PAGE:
Big Data Glossary
What is ETL?
Definition of ETL
What is ETL?
ETL stands for Extract, Transform, Load. It is a process used to move data from one or more sources into a destination system, such as a data warehouse or a data lake. The process is typically broken down into three stages:
Extract: Data is extracted from various sources, such as databases, files, or APIs. This can include structured data, such as relational databases, and unstructured data, such as log files or social media feeds.
Transform: The extracted data is then transformed, or cleaned and processed, to make it ready for loading into the destination system. This can include tasks such as filtering, sorting, and aggregating the data, as well as converting it into a format that can be loaded into the destination system.
Load: The transformed data is then loaded into the destination system, such as a data warehouse or a data lake.
ETL is commonly used in data warehousing and business intelligence, to integrate data from different sources and make it available for reporting and analysis. It can also be used in data integration projects, where data from different systems needs to be consolidated for reporting or other uses. Some popular ETL tools are Informatica, Talend, and DataStage.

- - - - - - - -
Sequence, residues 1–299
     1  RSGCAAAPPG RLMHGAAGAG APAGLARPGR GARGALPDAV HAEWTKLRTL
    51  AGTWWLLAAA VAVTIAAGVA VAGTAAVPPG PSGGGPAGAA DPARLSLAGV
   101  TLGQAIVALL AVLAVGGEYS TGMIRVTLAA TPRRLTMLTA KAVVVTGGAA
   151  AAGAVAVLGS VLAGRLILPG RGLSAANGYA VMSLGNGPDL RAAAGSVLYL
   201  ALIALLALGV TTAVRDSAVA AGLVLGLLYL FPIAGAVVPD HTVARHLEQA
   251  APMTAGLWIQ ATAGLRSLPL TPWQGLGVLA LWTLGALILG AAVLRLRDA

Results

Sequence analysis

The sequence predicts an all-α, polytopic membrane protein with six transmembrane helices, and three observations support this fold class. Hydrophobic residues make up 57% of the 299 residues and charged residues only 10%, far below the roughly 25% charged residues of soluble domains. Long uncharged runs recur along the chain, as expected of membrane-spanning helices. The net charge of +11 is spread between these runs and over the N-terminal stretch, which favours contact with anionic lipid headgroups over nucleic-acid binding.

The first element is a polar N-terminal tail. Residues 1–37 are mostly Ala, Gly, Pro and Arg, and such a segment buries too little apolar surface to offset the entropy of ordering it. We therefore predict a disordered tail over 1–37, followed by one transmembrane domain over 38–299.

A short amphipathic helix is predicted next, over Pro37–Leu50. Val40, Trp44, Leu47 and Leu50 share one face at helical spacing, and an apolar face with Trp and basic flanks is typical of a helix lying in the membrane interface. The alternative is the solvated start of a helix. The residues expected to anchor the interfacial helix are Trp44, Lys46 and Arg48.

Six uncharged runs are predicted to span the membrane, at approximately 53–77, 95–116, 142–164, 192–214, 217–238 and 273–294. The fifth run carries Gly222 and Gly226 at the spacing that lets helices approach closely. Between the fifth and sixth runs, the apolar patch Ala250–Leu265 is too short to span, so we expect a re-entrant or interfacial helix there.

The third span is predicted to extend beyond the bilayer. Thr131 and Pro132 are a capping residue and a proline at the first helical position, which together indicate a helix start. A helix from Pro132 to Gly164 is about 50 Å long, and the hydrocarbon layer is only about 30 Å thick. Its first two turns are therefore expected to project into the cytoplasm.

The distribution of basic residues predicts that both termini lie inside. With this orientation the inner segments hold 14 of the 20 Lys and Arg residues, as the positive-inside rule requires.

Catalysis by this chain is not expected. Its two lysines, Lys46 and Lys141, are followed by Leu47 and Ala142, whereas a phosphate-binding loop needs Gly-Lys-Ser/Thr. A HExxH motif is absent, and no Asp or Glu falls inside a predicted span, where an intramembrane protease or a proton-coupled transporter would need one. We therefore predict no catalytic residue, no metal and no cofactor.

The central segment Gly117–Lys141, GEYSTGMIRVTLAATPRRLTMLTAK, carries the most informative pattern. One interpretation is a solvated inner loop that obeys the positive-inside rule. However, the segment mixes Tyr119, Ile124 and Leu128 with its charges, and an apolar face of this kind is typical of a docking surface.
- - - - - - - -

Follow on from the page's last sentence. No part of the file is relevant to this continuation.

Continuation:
ETL is a process that helps organizations to collect, integrate, and manage large and complex data sets from multiple sources. It is a critical part of data warehousing and business intelligence initiatives that allow organizations to make sense of their data and gain insights that can inform business decisions.
During the extraction phase, data is retrieved from various sources such as databases, flat files, web services, and other external systems. The extracted data is then cleaned, transformed and standardized to ensure that it is in a format that can be loaded into the destination system. This can include tasks such as removing duplicates, converting data types, applying calculations, and applying business rules.
The transformed data is then loaded into a destination system, such as a data warehouse or a data lake. This allows the data to be made available for reporting, analysis and decision-making. The destination system typically uses a data model that organizes the data in a way that makes it easy to access and query.
ETL processes are typically automated and run on a regular schedule, such as daily or weekly, to ensure that the data in the destination system is up-to-date. The process can also be triggered by specific events, such as the arrival of a new file or the completion of a transaction. With the rise of big data and IoT, ETL process are becoming more complex and sophisticated, with more powerful tools, and more advanced techniques, like machine learning and natural language processing, are being used to automate the process.
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